The Queensland government is attempting to rush through controversial ‘conversion therapy’ laws.
Unproven hormone treatment that potentially sterilises children “born in the wrong body” may be entrenched if Queensland becomes the first state to criminalise so-called anti-transgender “conversion therapy.”
This is the warning from health practitioners who say the threat of 18 months in prison will scare away the cautious therapists needed to unravel the reasons for a puzzling post-2000 epidemic in teenagers, mostly girls, wanting to change gender.
Driven by an activist agenda the term ‘conversion therapy’ is being applied to all extremes, despite the dangers. Appalling practices such as electric shock therapy have been widely condemned, but there is a threat to apply the term to sensible measures such as exploring other mental health issues.
Regardless, Health Minister Steven Miles said the government was proud to lead the fight against “gay conversion therapy”, rejecting “the notion that LGBTIQ people are broken or sick”.
Not everyone shares the minister’s enthusiasm. Medical practitioners, teachers and religious workers would all be subject to the new laws, even free services. Not surprisingly, objections are already arising.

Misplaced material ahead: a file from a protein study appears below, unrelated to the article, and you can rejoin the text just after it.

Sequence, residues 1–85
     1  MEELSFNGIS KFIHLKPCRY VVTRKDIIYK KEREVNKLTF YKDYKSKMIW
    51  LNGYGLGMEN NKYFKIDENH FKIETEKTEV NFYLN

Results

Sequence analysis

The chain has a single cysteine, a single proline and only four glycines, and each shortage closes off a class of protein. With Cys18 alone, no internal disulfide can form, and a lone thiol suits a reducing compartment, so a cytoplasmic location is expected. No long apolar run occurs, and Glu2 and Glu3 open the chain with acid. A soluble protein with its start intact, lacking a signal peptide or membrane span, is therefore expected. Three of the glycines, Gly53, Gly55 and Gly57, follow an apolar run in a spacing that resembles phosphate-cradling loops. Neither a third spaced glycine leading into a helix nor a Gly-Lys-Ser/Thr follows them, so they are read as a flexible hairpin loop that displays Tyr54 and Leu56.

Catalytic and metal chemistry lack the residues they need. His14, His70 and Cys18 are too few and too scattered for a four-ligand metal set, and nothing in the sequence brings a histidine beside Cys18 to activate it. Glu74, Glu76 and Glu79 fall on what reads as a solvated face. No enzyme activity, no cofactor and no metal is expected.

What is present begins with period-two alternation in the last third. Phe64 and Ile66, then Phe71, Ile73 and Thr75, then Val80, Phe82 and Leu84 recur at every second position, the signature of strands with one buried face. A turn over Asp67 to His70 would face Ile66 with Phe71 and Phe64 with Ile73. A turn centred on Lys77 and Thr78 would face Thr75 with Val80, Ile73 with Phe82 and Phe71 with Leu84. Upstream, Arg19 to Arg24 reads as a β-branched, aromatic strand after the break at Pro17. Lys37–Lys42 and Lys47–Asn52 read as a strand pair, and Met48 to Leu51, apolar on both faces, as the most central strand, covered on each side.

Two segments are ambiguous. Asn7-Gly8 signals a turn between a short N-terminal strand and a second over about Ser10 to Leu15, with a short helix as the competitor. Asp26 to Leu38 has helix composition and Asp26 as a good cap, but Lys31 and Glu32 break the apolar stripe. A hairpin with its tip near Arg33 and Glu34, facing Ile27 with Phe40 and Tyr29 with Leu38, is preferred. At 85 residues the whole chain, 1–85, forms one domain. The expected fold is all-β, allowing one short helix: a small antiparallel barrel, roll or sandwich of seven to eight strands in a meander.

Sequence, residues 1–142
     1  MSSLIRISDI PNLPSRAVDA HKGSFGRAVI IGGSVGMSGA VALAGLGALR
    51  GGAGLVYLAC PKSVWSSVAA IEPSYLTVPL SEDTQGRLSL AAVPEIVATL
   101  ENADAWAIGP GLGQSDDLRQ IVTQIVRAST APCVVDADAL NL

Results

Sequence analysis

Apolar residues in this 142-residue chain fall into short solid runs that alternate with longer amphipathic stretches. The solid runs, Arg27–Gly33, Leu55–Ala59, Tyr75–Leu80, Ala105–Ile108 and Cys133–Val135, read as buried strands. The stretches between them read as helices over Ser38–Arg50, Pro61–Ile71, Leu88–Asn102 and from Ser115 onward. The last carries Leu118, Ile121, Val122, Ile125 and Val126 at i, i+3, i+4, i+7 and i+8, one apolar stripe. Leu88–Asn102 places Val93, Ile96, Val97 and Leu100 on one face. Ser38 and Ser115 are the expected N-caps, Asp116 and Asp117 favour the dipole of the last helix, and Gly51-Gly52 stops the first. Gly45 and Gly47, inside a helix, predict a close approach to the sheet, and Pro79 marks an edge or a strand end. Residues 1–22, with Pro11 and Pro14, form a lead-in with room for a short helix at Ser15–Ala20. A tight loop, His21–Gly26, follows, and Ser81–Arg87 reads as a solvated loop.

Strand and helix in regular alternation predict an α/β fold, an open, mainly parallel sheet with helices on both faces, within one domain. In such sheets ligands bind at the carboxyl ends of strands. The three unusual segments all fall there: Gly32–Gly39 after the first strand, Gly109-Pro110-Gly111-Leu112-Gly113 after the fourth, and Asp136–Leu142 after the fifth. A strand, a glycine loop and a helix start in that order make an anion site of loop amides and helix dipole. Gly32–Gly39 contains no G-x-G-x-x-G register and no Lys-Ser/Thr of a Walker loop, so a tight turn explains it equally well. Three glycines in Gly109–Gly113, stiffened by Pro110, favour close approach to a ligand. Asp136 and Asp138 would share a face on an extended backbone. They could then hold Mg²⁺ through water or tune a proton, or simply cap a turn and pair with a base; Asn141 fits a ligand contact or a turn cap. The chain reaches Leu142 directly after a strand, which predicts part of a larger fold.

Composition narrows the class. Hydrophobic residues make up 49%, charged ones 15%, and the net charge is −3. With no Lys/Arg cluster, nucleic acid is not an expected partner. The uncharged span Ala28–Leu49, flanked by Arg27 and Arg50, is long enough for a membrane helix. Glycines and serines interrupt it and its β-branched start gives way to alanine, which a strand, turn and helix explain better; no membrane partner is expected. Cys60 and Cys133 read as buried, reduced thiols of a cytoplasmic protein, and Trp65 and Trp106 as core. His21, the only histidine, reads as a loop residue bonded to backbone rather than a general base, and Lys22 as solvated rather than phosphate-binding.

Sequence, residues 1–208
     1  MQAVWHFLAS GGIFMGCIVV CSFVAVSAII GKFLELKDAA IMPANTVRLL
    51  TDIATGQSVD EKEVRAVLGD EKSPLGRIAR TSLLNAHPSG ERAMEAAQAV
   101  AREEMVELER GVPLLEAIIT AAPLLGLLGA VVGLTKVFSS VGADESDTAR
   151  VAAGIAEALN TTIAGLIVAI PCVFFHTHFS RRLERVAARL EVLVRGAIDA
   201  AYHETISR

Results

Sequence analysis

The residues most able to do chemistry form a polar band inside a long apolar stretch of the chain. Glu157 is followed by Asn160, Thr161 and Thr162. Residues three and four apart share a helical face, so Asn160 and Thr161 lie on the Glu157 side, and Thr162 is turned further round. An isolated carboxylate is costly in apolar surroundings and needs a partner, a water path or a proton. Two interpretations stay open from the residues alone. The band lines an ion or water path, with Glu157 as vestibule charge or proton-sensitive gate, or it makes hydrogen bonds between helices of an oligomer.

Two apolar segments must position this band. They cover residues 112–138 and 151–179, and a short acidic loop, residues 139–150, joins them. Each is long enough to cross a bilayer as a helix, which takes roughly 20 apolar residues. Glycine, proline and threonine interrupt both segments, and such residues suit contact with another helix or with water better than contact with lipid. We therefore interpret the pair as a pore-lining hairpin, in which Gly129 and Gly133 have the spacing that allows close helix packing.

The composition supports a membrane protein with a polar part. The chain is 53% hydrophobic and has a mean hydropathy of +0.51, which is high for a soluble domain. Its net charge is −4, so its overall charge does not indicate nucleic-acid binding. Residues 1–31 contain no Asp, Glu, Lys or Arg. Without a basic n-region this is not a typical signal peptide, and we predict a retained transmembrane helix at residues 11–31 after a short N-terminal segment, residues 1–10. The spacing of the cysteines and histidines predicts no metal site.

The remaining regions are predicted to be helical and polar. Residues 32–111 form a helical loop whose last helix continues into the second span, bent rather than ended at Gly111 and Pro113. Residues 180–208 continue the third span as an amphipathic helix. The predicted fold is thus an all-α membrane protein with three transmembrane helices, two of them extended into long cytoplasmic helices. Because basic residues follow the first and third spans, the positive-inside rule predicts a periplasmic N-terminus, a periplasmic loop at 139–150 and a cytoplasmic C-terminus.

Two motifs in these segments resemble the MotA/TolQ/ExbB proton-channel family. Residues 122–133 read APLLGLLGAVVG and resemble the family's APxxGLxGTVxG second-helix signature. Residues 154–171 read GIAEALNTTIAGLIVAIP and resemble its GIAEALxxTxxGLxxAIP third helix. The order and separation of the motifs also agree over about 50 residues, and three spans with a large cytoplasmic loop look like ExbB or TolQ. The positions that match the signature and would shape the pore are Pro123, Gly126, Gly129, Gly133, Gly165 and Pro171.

But an unlikely coalition of doctors, Christians and women’s groups has accused the government of following an activist template that exploits revulsion at past conversion therapy as a cover to freeze out psychotherapists who are worried some of today’s teenage trans declarations mask underlying issues and social pressures.
These gender clinic patients, chiefly girls, often have a range of problems including autism, mental illness, awkward same-sex attraction, child abuse, harassment, bullying and family trauma.
The Queensland government allowed bodies to comment but only during the summer break. Submissions closed on the 6th January before professional organisations such as the Australian Medical Association Queensland and the Royal Australasian and New Zealand College of Psychiatrists could respond.
Binary spokeswoman, Kirralie Smith, warned the government needs to take more time.
“The new law could have devastating effects on young people. This issue demands more thorough consultation and debate. The consequences of transitioning are permanent and irreversible. All avenues must be considered and explored when it comes to caring for our youth.”
“It is incredible that politicians are ignoring the warnings of health care providers when it comes to such important medical issues.”
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